I’m working on a really funny show, In The Cut on BOUNCE TV. Terrific cast. It’s a genuine collaboration between the executive producer, Bentley Evans, and the cast. I LOVE the creative freedom we’re given. It’s also got a sweetness to it. I think most sitcoms now are more about humiliation. That goes back to the early days of sitcom like All in the Family. However, they’re not courageous in the way that All in the Family and The Jeffersons were. Lots of humiliation but very little social dynamism. But we’re getting close to the point where political correctness is being thrown out the window so we can see how many Archie Bunkers still exist in America. It will be interesting to see when TV catches up to real life.

  1. The huge change in television format has allowed many actors to widen their scope. Would you say that’s true for you and the roles you’ve taken in the last decade?

Yes, I think television has taken over where movies left off 10 years ago. Movies are all about super heroes now. TV has moved into a level of depth that wasn’t possible before the online “binge” watching format emerged. TV used to happen so fast. No time to explore the character’s feelings. Just walk and talk. Now TV can take its time like movies used to. I’ve been quite fortunate to play an expanse of roles in both TV and theater. My training at Northwestern University has paid off well. Expensive, but worth every penny.

  1. What would you say were the most memorable moments of your career thus far?

While doing “Good Morning, Vietnam”, there was a scene where we had to march about 100 yards in formation. It was probably 120 degrees and 100% humidity in Bangkok that day. After every take I would hurry to the umbrella to try to beat the heat. There was a group of extras in full gear and 50 lb ruck sacks that also made the march but the was no place for them to get out of the sun so they waited patiently in the searing heat. After about the third take, I noticed that Robin Williams was standing in the sun with them. After about the sixth take, he began entertaining them. Keeping them fresh, making sure they felt cared for. He made sure they had water. They laughed all day with him and the scene was a success. That was the day I learned being a star isn’t about privilege, it’s about responsibility and caring for others. Robin Williams was a great man. He is truly missed.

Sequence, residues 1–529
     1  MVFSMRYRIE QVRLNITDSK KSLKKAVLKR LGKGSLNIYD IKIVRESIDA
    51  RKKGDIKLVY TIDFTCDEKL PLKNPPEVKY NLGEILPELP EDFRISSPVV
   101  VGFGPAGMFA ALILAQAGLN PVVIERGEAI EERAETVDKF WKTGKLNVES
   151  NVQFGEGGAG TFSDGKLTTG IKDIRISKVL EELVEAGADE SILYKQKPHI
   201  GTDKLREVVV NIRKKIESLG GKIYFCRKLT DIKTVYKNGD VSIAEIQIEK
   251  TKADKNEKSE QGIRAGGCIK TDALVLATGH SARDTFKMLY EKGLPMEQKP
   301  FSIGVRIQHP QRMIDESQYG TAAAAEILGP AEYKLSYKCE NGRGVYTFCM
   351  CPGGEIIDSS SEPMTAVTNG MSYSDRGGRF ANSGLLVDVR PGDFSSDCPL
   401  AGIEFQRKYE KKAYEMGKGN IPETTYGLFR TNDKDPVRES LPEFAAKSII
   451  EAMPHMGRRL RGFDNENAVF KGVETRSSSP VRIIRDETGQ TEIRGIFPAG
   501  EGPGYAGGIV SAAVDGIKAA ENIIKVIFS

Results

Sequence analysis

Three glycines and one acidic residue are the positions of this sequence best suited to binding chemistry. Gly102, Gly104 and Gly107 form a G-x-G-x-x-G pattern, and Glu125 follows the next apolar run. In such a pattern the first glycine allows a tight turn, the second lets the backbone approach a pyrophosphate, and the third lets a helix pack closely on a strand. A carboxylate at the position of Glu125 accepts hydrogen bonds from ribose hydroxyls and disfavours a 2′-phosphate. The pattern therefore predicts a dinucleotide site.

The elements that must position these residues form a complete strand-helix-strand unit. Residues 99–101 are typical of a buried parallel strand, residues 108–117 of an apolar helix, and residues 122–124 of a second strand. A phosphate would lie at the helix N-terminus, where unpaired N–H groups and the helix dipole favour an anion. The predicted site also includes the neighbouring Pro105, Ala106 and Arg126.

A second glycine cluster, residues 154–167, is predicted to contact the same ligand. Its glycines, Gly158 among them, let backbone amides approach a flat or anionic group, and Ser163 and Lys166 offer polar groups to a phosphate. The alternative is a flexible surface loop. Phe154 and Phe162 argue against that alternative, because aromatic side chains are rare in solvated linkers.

1. Is there any other upcoming work you can tell us about? Anything on your wish list?

I just finished principle photography on my latest film, “The Last Revolutionary”, by multiple award winning writer Levy Lee Simon and directed by Emmy award winning cinematographer Michael Brewer. It’s an amazing story about, Jack Armstrong, a traditional conservative suburbanite who’s world is upended when his radical revolutionary past is revealed by Mac Perkins, a lifelong friend who’s bunkered down in the same apartment from the 1970’s, still waiting for the revolution to jump off! (

For more information on John Marshall Jones, look him up on his social media sites: ,

You can catch John Marshall Jones on In the Cut Tuesdays on Bounce TV.